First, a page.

Abstract: The possibility that Methanothrix (formerly Methanosaeta) and Geobacter species cooperate via direct interspecies electron transfer (DIET) in terrestrial methanogenic environments was investigated in rice paddy soils. Genes with high sequence similarity to the gene for the PilA pilin monomer of the electrically conductive pili (e-pili) of Geobacter sulfurreducens accounted for over half of the PilA gene sequences in metagenomic libraries and 42% of the mRNA transcripts in RNA sequencing (RNA-seq) libraries. This abundance of e-pilin genes and transcripts is significant because e-pili can serve as conduits for DIET. Most of the e-pilin genes and transcripts were affiliated with Geobacter species, but sequences most closely related to putative e-pilin genes from genera such as Desulfobacterium, Deferribacter, Geoalkalibacter, and Desulfobacula, were also detected. Approximately 17% of all metagenomic and metatranscriptomic bacterial sequences clustered with Geobacter species, and the finding that Geobacter spp. were actively transcribing growth-related genes indicated that they were metabolically active in the soils. Genes coding for e-pilin were among the most highly transcribed Geobacter genes. In addition, homologs of genes encoding OmcS, a c-type cytochrome associated with the e-pili of G. sulfurreducens and required for DIET, were also highly expressed in the soils. Methanothrix species in the soils highly expressed genes for enzymes involved in the reduction of carbon dioxide to methane. DIET is the only electron donor known to support CO2 reduction in Methanothrix Thus, these results are consistent with a model in which Geobacter species were providing electrons to Methanothrix species for methane production through electrical connections of e-pili.IMPORTANCEMethanothrix species are some of the most important microbial contributors to global methane production, but surprisingly little is known about their physiology and ecology. The possibility that DIET is a source of electrons for Methanothrix in methanogenic rice paddy soils is important because it demonstrates that the contribution that Methanothrix makes to methane production in terrestrial environments may extend beyond the conversion of acetate to methane. Furthermore, defined coculture studies have suggested that when Methanothrix species receive some of their energy from DIET, they grow faster than when acetate is their sole energy source. Thus, Methanothrix growth and metabolism in methanogenic soils may be faster and more robust than generally considered. The results also suggest that the reason that Geobacter species are repeatedly found to be among the most metabolically active microorganisms in methanogenic soils is that they grow syntrophically in cooperation with Methanothrix spp., and possibly other methanogens, via DIET.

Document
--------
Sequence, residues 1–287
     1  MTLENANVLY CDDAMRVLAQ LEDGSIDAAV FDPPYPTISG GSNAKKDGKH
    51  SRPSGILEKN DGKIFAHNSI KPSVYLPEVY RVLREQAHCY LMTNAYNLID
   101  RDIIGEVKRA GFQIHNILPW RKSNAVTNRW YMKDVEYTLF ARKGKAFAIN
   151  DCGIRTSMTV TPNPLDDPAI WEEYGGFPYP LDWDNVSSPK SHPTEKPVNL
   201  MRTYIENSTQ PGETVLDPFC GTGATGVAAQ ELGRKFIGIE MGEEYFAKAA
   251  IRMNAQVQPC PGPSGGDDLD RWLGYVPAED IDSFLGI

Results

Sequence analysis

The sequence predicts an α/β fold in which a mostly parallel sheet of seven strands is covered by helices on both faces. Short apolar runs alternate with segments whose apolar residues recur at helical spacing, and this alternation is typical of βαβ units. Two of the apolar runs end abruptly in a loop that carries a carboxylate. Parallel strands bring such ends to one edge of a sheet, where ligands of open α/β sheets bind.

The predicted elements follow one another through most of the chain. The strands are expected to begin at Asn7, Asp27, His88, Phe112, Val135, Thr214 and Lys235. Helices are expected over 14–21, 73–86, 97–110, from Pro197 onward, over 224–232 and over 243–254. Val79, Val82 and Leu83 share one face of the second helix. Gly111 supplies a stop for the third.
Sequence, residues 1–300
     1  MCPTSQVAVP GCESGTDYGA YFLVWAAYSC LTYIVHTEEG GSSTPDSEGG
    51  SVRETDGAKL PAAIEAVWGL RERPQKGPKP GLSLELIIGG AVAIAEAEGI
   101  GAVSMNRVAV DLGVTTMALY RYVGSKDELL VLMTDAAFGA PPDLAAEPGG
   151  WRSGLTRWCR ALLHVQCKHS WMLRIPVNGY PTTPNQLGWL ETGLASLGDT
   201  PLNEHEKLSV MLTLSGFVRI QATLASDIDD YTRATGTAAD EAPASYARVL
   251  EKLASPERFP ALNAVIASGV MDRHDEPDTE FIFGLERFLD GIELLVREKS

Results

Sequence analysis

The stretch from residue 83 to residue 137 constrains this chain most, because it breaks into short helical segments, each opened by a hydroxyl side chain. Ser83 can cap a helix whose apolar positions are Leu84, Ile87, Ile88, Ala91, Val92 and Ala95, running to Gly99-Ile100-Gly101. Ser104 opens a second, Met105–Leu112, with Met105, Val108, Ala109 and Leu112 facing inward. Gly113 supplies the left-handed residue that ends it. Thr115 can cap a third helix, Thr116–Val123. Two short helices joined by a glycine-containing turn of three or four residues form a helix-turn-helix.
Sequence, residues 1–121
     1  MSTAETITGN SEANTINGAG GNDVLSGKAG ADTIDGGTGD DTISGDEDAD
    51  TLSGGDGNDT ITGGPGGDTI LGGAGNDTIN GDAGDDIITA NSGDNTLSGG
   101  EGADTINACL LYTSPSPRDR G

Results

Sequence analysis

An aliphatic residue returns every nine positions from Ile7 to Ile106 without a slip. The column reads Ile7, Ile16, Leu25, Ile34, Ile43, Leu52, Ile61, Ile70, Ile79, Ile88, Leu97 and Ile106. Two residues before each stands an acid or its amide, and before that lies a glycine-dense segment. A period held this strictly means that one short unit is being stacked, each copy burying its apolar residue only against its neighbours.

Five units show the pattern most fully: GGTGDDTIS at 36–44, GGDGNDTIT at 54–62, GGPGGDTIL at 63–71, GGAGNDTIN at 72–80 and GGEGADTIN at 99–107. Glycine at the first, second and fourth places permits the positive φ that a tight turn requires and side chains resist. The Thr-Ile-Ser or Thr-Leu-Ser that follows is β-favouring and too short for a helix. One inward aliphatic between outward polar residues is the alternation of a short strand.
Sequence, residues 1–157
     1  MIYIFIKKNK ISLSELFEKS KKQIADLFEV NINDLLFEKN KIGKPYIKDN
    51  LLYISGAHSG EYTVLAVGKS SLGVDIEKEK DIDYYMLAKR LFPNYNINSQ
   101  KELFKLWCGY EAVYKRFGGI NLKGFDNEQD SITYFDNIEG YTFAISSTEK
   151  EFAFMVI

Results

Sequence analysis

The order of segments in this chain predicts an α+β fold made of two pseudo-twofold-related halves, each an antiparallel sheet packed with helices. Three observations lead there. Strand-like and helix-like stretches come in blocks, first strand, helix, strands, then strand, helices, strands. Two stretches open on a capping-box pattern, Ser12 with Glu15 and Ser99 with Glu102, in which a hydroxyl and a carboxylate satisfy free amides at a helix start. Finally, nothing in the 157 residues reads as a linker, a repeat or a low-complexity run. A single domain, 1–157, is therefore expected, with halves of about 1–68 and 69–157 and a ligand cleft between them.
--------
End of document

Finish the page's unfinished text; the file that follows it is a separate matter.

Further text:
169 citations